Such a city as Benares is always a tremendous centre of force, even quite apart from the annual pilgrimages. It is a city of shrines and relics, and these also can be utilized as channels by the Adepts; and the same is true of such things the world over. In some place, for example, there may be a relic of a great saint belonging to any one of the religions of the world. If the relic is genuine, a certain amount of strong magnetism does radiate from it, on account of its connection with a worthy man, and it may therefore be used, by sending through it a stream of force, to bless those who reverence it. In many cases, however, the relic is not genuine; but that, which to us would seem a most important fact, in reality matters less than one might suppose.

If for a long time people have made a great centre of devotional feeling around it, on that account alone the Brotherhood can use it as effectively as a genuine relic, and the fact that the people are deluded in their belief does not affect its usefulness, since their devotion is genuine, and that is the important thing. If this were more fully understood, it would probably check many thoughtless people who are inclined to ridicule the superstitions of the Catholic peasants in Italy, Sicily or Spain, or to look down upon Indian coolies because they pay homage at some shrine which is obviously not what it is supposed to be. There is no doubt that truth is better than error, yet we must remember that it is not well to tear away from the ignorant the objects of their devotion until they are able to rise to higher things; by such iconoclasm the world is the poorer, for by it not only is devotion destroyed, but useful channels of the Masters’ force may be closed.

Besides, it is obviously impossible for an ignorant peasant to judge as to the genuineness of a relic, and it would be grossly unfair that the effect of his devotion, poured out with good intention and in all innocence of heart, should be made to depend upon a fact as to which he can have no knowledge. In the great world of realities things are never so badly managed as that; the true devotion will find full and hearty response whether the object round which it is centred is or is not all that the devotee thinks it to be. The devotion is the real thing—the only thing that matters, and it must and does receive the real return which it deserves. The supposed relic is merely a point upon which it is focused, and an imaginary point will do for this as well as any other.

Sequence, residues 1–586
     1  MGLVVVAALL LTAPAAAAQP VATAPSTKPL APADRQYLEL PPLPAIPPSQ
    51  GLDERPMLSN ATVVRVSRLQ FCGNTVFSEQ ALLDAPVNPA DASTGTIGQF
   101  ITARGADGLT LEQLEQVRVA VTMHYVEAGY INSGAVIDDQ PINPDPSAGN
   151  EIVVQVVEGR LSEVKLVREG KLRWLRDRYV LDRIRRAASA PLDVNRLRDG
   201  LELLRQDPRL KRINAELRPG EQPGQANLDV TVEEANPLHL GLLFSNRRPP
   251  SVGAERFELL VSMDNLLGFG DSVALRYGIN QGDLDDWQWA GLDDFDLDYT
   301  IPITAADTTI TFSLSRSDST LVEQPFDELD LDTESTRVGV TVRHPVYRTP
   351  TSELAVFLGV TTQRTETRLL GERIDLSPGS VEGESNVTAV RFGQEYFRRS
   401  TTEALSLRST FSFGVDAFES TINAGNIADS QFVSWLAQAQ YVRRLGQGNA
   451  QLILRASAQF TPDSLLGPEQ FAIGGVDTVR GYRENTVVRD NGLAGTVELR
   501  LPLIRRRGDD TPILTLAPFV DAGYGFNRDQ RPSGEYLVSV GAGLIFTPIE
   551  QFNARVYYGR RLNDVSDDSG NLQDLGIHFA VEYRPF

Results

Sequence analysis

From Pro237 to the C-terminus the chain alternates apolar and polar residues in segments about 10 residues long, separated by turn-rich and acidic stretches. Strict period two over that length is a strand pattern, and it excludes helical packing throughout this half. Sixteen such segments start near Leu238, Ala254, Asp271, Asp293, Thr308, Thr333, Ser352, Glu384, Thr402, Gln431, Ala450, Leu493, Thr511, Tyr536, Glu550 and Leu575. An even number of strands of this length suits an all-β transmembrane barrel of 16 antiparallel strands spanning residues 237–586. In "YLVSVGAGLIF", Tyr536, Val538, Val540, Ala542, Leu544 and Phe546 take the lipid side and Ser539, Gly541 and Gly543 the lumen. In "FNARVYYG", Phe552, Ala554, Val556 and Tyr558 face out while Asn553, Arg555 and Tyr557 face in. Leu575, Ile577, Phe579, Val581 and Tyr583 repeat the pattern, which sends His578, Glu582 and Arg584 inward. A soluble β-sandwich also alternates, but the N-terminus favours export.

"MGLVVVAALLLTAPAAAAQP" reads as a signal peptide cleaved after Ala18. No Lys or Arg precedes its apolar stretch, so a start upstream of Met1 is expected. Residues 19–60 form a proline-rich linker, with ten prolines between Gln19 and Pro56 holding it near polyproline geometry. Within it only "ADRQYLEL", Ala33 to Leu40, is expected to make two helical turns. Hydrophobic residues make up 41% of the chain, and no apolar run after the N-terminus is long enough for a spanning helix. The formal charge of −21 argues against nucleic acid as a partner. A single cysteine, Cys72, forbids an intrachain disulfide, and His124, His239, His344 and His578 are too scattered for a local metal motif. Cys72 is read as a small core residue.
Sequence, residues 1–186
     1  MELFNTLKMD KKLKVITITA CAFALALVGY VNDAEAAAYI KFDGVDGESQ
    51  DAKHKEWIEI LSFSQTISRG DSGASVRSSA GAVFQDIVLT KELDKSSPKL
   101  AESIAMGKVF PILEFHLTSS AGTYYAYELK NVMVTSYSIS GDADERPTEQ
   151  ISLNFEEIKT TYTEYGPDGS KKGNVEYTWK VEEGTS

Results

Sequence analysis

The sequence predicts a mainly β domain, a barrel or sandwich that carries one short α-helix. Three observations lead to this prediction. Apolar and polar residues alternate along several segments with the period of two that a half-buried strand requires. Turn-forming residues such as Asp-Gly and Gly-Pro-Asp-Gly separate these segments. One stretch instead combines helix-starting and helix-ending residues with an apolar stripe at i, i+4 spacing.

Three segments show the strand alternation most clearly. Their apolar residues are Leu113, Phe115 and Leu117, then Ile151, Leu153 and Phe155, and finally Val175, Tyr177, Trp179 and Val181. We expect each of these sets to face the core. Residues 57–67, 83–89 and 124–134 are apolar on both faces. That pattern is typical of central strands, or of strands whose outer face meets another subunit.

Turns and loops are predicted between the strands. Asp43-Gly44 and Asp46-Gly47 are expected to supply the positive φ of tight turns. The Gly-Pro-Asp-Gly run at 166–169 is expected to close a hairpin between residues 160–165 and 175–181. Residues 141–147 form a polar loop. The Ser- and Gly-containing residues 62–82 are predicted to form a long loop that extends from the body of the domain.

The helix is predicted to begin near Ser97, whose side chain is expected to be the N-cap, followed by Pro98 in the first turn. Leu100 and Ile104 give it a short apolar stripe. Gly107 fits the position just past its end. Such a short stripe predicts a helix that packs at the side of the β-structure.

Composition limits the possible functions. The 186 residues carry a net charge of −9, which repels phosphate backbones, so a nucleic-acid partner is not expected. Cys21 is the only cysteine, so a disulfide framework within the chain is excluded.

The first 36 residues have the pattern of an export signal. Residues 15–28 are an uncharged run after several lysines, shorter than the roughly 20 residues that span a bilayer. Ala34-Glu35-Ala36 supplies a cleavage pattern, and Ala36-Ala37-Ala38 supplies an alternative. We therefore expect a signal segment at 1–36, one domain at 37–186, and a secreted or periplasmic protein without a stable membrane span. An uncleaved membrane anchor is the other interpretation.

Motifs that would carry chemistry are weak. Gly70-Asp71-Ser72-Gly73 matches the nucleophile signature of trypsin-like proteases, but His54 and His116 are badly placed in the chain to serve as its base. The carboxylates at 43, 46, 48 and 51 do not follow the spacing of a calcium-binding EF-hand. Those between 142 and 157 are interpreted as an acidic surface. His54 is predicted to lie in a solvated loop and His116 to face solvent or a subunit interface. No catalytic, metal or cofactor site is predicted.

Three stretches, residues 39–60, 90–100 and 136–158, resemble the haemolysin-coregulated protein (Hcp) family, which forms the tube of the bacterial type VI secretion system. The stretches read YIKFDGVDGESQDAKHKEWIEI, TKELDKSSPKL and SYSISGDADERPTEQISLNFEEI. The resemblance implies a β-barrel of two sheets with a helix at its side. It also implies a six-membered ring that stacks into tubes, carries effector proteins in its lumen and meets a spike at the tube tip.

Work by the Pupils

I have already mentioned that the pupils of the Masters are also apprentices, that at their lower level they serve as transmitters of force, and also do a great variety of work in every branch of civilization and human culture all of which is part of the Adepts’ work in the world. A vast amount of this is done by others who have received inspiration or suggestion from these pupils, or though the various societies and agencies that they have set going or influenced. Without these influences humanity would be poor indeed, though for the most part it knows little of the source of its true wealth. The Adepts themselves cannot turn aside from their exalted work to do these lower and easier tasks, because if they did the whole machinery of evolution would suffer.

Men sometimes ask why these Great Ones have not written books, for example. They forget that the Adepts are carrying on the evolution of the world; they can hardly drop that in order to give people information with regard to some part of it. It is true that if one of the Great Ones had the time to write a book, if his energy could not be better employed, that book would be far superior to any that we have. But if it were the plan of things that all work should be done by those who can already do it perfectly there would be no field for the exercise of our faculties, and it would be difficult to see any utility in our existence in this world.